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  1. Hi guys, This is my first posting on the forum, constructive criticism is appreciated. Each year, when the water level in the lake is lowered in late fall, I go there in search of crinoids The first set of photos shows one of my better finds of 2017. This small slab (approximately 9 x 12 inches) had partially eroded from the shore. I was more than pleased to see all crinoids exposed along the weathered edge. Hopefully, there are some nice ones hidden in the center. Last year, while walking up a watershed near the lake, I found a
  2. 0lderthandirt

    What makes square holes

    Hello, I pulled a large rock out of the ground a few weeks ago and I'm now cleaning up some of the small rocks that broke off as it came up. This one caught my eye cause it's got a trilobite but after cleaning I noticed all of these rectangular holes on the side. The lines on the rule are 16th inch. Any suggestions on what would've created rectangular holes like this? Thanks for looking!
  3. DPS Ammonite

    Amazing Arizona Adventure

    I found one of my most interesting and productive fossil sites ever east of Phoenix near Superior, Arizona in late November. The hill contained outcrops of the Devonian Martin Formation and the Mississippian Escabrosa Formation which is roughly the same age as the Redwall Limestone found further north. My first interesting find was several Pachyphyllum corals with very small corallites. The “craters” within the corallites averages just under 2 mm which suggested that these were the P. nevadense species which is not common in the Payson area further to the north. The c
  4. 0lderthandirt

    Is this bryozoan or just rock

    Hello again, I found these 2 rocks this morning on my property. Redwall limestone, Mooney falls member, Arizona, Mississippian. I think the tiny branch looking thing might be bryozoan and I don't know if the bumpy rock is anything at all. What do you guys think, are these just weathered rocks?
  5. Mother Nature graced us locally with another temperate day so I had time to squeeze in a long exploration into some hidden canyons that comprise a large subset of the local Mississippian formation known as 'Lake Valley' To get to the canyons of interest I walked through Silurian-Devonian exposures but I did not stop to explore for anything. Here was my first view toward the hidden Lake Valley Formation canyons. You can see deformation from the mud mounding. More to follow.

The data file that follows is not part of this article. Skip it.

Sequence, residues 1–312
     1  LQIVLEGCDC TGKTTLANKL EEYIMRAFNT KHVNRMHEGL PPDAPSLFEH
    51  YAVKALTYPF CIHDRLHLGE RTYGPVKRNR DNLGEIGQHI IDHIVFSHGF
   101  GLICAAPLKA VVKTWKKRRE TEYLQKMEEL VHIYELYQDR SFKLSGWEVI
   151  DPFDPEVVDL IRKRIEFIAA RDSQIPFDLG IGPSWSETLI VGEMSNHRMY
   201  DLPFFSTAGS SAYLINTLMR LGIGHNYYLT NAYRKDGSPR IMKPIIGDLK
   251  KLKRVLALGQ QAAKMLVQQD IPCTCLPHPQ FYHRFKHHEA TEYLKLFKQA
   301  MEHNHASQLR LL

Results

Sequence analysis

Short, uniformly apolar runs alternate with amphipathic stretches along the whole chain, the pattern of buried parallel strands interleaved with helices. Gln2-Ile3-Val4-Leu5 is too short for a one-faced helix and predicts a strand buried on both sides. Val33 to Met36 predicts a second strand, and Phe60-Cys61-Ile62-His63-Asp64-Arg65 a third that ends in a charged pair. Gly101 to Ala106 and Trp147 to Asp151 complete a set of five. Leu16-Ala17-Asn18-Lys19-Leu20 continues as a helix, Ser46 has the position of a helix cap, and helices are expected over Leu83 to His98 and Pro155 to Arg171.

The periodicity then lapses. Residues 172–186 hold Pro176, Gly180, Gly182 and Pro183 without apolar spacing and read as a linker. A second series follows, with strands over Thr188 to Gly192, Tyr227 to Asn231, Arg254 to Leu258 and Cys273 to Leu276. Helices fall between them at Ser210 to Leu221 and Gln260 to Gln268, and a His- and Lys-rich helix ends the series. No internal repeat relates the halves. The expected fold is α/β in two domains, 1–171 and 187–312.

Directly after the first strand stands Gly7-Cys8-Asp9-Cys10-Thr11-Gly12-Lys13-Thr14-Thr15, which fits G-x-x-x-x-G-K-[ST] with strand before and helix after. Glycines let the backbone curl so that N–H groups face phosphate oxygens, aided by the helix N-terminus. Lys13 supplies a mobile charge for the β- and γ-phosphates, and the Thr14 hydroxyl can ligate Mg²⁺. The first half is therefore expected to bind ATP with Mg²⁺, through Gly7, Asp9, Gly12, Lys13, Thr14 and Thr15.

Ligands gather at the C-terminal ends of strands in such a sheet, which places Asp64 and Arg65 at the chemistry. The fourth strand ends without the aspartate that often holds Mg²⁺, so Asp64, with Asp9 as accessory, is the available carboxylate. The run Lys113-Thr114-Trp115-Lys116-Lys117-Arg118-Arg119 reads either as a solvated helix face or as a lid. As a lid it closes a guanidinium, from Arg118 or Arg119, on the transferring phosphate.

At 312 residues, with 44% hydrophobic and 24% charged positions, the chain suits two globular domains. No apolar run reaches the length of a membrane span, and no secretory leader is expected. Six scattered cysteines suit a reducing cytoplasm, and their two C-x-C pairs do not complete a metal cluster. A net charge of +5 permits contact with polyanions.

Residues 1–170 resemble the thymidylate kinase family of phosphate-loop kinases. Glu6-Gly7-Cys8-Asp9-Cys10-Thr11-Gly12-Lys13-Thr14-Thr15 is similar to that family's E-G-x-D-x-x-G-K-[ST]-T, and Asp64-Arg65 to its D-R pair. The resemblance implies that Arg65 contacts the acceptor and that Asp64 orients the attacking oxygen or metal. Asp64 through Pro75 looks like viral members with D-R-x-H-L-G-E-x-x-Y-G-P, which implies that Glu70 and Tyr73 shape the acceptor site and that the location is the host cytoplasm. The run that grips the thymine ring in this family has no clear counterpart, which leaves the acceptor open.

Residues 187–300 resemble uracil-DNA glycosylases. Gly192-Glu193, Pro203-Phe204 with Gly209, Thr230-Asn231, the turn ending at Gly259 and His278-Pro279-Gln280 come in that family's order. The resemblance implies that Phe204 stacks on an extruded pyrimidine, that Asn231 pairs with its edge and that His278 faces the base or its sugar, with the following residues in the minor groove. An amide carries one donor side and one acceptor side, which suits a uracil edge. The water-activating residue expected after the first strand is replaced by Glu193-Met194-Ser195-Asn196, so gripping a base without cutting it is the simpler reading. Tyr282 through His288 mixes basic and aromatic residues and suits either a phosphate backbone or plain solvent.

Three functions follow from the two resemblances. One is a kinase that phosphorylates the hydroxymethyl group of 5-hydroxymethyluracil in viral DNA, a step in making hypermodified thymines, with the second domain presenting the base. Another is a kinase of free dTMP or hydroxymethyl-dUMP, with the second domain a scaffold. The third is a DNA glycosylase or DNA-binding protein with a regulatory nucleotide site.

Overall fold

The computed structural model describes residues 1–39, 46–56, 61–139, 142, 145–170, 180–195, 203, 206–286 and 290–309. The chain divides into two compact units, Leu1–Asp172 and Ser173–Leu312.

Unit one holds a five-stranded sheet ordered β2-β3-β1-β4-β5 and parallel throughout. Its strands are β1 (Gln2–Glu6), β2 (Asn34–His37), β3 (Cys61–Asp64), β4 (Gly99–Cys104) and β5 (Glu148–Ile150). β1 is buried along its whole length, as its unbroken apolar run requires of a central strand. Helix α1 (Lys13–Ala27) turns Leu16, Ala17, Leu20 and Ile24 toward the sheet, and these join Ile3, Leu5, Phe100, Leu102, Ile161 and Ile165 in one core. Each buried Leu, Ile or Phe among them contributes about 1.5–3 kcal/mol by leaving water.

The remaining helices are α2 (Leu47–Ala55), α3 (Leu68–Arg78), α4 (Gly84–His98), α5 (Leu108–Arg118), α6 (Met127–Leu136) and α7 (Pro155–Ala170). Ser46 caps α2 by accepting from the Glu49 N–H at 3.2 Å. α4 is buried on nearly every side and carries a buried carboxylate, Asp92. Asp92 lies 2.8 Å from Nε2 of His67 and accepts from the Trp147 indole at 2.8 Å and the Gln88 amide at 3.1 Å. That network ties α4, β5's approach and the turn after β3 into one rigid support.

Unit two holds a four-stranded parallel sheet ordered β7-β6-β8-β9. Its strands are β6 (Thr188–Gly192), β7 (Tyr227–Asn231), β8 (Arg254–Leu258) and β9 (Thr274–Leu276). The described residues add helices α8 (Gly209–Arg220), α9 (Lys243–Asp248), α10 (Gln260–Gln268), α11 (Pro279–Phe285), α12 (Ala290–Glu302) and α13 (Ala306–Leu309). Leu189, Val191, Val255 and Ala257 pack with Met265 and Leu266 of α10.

6. 0lderthandirt

    Crinoid like

    Hello and thanks for looking. I found these on my property in NW Arizona. It's Mississippian, Mooney falls member of the redwall limestone. I found the little pill like fossil a few days ago and then the column today. These are not like the tons of Crinoid fossils I've found nearby and I can't seem to find anything that matches online. I'm sure some of you will know immediately what it is. Please help if you have and ideas. Thanks
  7. Fossil found in marine limestone deposit Ut. About 9” long. Formation from Mississippian according to USFS.
  8. Untitled

    Stethacanthus altonensis Oklahoma

    From the album: Odd and Rare Shark Teeth

    A 340-360 Million year old Stethacanthus tooth from Caney Shale, Oklahoma.
  9. Untitled

    Stethacanthus altonensis Oklahoma

    From the album: Odd and Rare Shark Teeth

    A 340-360 Million year old Stethacanthus tooth from Caney Shale, Oklahoma.
  10. townsera

    Michigan Fossil ID

    This was found at Millennium Park near Grand Rapids, MI. I'm thinking Bryozoan?...but does anyone have an idea of species?
  11. Hello. I have still been going through boxes of mostly cave mineral from a large estate sale purchase, mostly consisting of cave minerals. The tags that remain are not attached to the pieces and usually scattered among many boxes. This amazing plate I found recently and believe I finally found the label. I just need justification. I haven't found any other plates like this one. It's stunning in person!
  12. BLT

    Is This A Stromatoporoid?

    Hello, I found this rock in Alabama (Mississippian/Tuscumbia Limestone) and have been trying to figure out what is all over it. After searching the forum and the internet, the closest match I could find is it possibly being a stromatoporoid, showing mamelons? If not, can anyone tell me what it might be? (My husband says it looks like melted plastic to him. I’m really hoping he isn’t correct. Lol) Thanks!